What I learned from the Black men in my life about self-care

Black men and self-care don’t usually land in the same sentence and they are not often thought of as related, I believe.  In my last post I talked about how I didn’t see self-care modeled during my childhood by the Black women in my life, however, I did see it practiced by Black men.  Now, just to be clear, the things that the Black men in my life did wasn’t called self-care but I believe that’s exactly what it was.

What did the Black men in my life do then that I now realize was self-care, you ask?  Well, the first thing I noticed back then was that they engaged in certain activities with other men or by themselves.  Watching sporting events is the most memorable of those activities. My uncles, cousins, men in my church community, my Dad, my friend’s Dads and more would, without fail, watch their favorite (and sometimes not their favorite) sports team every Sunday (and often on Mondays) and they did so faithfully!  This was a sacred time for them and it often included their favorite foods and drinks.  It was a ritual, and the rest of us knew that this time was not to be disturbed by anything short of a medical emergency!  No one ever said that out loud, it was just understood!

Each summer, it got HOT where I grew up and there were BBQs every weekend at one person’s house or another.  Always, without fail, a Black man would be “manning the grill”.  Most of those men were very serious, even methodical about their grilling techniques.  And they’d often begin preparing the meats far in advance of any guests showing up.  To be fair, the Black women in my life would do a lot to help prepare for the BBQs as well, but from my vantage point, their experience was far different than the men. Those Black men would go out to the grill, often alone, have a few beers, listen to their favorite tunes and patiently cook up some of the most incredible deliciousness I’d ever tasted in my life up to that point!  Every time I saw this scene played out (which could easily have been dozens of times over the course of my childhood) the man, the Black man, seemed happy, proud and at peace. The ritual, the alone time, the tranquility, were all things that I observed and it was clear that it was sacred.

The other self-care related thing that Black men modeled for me was the importance of having a space to yourself to relax, unwind, work on your hobby, be creative or just chill.  The term Man Cave wasn’t actually used during my childhood that I could remember, but it still existed.  His sacred space might be the entire basement of the home, a room in the basement, or a workshop in the garage or tool shed in the backyard or sometimes a room in the house that was specifically used to engage in hobbies, be creative or start a second career (often their “heart job”).  These spaces were held sacred and often no one but the man of the house was allowed to spend much time, if any, in that space.  What I witnessed was that when life got intense, if the house got too crowded, if he wanted to just have some alone time or watch “the game” the Black men I knew would go into their man cave, their safe space to relax, recharge, have peace and tranquility.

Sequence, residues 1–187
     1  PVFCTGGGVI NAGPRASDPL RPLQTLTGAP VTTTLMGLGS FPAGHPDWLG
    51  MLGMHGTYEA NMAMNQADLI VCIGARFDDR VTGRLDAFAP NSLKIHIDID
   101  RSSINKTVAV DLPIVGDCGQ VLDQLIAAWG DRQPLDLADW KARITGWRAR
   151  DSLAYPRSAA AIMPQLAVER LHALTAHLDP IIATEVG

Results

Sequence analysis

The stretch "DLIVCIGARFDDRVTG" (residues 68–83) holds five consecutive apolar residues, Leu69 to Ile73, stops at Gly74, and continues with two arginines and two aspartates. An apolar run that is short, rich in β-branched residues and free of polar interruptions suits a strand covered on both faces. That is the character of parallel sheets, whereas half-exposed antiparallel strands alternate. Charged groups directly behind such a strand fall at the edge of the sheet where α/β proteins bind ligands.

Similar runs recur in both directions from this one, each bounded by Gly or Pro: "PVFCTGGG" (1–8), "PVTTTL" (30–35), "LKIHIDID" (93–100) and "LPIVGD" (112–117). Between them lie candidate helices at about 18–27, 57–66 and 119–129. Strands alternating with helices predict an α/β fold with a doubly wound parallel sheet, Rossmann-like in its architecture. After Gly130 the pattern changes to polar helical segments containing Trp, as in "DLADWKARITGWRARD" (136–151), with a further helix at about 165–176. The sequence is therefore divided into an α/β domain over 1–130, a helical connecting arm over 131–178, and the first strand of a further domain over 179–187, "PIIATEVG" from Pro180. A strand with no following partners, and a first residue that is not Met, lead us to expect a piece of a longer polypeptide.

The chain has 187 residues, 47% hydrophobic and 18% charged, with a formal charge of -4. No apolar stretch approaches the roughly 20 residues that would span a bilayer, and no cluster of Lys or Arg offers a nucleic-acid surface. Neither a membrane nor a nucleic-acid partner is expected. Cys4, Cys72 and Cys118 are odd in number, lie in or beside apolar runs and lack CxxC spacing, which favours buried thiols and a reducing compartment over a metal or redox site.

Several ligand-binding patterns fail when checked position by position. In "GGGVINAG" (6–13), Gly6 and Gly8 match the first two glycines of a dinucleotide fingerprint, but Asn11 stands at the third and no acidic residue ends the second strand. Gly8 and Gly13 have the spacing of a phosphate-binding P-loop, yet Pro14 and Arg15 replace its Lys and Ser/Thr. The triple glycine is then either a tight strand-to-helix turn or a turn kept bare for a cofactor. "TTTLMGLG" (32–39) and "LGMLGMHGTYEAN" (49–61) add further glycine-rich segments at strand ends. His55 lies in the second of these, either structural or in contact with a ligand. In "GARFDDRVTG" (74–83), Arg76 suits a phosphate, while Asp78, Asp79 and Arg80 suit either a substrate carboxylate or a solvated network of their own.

The Man Cave, more than any other self-care related thing, was the most impactful to me and once I grew up I have thought back often to how I witnessed and experienced the Black men in my life move through their own lives.  I’ll never forget when I was planning to buy a house with my partner. I said, “For every room in this house that is exclusively yours, there will be one that is exclusively for me.”  When I hear my girlfriends say that their man is “going into his cave” I ask them, “Do you have a cave, a sacred space where you’re undisturbed? Where you can have alone time or truly invest in yourself?”  And far too often, just like our mothers, aunties, female community members and others, the answer is “no”.

It has been imperative to my creativity, my sanity and my health, to have a space that I can call my own as a refuge when I need it.  I urge everyone, regardless of gender to prioritize having a sacred space (it doesn’t have to be in your home) because having this over the years has served me well and I thank all of the Black men in my life for showing me just how important it is for my personal self-care practice.  So, the next time someone scoffs at the thought that Black men engage in self-care, tell them to think again, because they have been doing it and showing the rest of us how for years!

The picture below is of my husband’s grandfather, John N. Robinson, in his art studio back in 1945. This is a self-portrait called In the Studio.  He spent a lot of time here creating masterpieces. I wish that we could have met, so I could have asked him if he felt that this space was his man cave!